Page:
Hollywood studios and premium television networks have been fighting the push to streaming delivery by insisting on antiquated business models and fees that made sense before companies like Netflix and Hulu existed. It's telling that you still can't subscribe to channels like HBO and Showtime through these services, yet the potential customer base is even larger on the streaming side than it is on cable TV.
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The gap will only get bigger with time. According to LRG, there were 385,000 broadband additions in the second quarter of 2014, up 130 percent compared to the same quarter a year ago. Top cable companies accounted for 99 percent of those net additions, with the remaining signing up through top telephone companies. That gives the top cable companies a 59 percent share of the market.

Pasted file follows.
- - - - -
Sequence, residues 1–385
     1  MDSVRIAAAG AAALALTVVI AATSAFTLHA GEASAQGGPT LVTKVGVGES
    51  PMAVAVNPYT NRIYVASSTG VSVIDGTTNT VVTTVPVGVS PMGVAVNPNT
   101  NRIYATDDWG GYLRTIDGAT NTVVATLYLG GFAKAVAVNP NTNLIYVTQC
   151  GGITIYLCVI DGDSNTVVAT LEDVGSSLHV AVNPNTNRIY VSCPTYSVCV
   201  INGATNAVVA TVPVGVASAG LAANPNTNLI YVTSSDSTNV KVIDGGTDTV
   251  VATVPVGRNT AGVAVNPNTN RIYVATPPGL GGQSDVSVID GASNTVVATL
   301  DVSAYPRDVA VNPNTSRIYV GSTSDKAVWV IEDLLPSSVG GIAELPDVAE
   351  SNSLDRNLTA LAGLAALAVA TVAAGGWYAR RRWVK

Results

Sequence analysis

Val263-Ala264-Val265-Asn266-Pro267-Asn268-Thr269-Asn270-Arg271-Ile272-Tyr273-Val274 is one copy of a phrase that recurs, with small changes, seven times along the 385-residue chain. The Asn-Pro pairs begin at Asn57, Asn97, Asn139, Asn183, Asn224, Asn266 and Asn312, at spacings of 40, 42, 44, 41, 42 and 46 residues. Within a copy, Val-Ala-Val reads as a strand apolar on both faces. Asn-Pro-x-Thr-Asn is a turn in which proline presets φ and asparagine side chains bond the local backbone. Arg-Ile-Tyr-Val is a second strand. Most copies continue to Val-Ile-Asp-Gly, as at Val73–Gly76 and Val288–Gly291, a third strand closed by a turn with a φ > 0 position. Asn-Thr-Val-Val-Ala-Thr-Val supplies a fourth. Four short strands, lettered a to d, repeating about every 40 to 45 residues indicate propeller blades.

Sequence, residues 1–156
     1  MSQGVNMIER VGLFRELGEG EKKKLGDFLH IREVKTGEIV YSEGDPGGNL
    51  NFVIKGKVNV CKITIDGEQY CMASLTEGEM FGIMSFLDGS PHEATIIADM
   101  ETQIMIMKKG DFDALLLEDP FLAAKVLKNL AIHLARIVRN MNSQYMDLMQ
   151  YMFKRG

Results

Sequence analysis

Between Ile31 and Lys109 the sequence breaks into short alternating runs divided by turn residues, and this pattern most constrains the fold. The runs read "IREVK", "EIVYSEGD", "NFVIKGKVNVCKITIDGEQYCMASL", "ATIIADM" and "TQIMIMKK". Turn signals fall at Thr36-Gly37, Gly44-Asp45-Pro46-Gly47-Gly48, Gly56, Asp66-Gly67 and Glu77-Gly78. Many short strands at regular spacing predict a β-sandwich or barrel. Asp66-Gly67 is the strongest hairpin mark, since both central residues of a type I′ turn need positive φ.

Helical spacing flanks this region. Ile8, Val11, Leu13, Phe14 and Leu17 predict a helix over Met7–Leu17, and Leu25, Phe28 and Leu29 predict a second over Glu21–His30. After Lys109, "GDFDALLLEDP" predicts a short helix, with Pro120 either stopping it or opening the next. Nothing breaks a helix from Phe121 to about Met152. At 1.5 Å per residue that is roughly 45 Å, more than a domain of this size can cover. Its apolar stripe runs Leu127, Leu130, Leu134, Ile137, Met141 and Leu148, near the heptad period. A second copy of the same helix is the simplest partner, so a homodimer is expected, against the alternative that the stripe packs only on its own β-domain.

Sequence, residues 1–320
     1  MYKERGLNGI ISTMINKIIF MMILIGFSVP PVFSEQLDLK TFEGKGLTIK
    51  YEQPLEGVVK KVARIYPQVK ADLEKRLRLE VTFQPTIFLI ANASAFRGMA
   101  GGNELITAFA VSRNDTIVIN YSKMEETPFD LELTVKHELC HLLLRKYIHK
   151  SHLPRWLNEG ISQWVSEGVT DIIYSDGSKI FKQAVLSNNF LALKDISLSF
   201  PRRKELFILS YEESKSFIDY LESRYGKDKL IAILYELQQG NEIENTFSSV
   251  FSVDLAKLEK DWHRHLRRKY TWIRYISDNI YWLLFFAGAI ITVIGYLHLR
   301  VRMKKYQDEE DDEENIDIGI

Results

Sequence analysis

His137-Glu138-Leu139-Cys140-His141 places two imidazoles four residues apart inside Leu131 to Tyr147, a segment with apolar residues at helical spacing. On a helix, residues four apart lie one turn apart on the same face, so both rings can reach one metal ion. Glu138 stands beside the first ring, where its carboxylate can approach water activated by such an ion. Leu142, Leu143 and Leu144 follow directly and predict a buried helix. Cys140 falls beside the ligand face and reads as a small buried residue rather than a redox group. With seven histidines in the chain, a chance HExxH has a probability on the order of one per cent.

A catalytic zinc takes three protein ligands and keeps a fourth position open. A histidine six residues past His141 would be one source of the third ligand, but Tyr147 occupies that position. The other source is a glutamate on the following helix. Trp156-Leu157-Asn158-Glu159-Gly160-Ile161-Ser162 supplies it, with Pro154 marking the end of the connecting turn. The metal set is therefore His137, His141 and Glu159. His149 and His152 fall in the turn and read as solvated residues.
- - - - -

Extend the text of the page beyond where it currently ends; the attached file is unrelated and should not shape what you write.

Beyond the streaming revolution that big media has been slow to embrace, these numbers also matter as they relate to Comcast's attempt to acquire Time Warner Cable (TWC). Comcast and TWC hammered out a deal worth around $45.2 billion, and if approved, Comcast would gain 30 million subscribers. Critics like Dish Network oppose the deal because it would give Comcast too much control over the pay TV market. What these numbers also reveal is that not only would Comcast own 30 percent of the cable TV market if the deal goes through, but around 40 percent of the broadband market as well.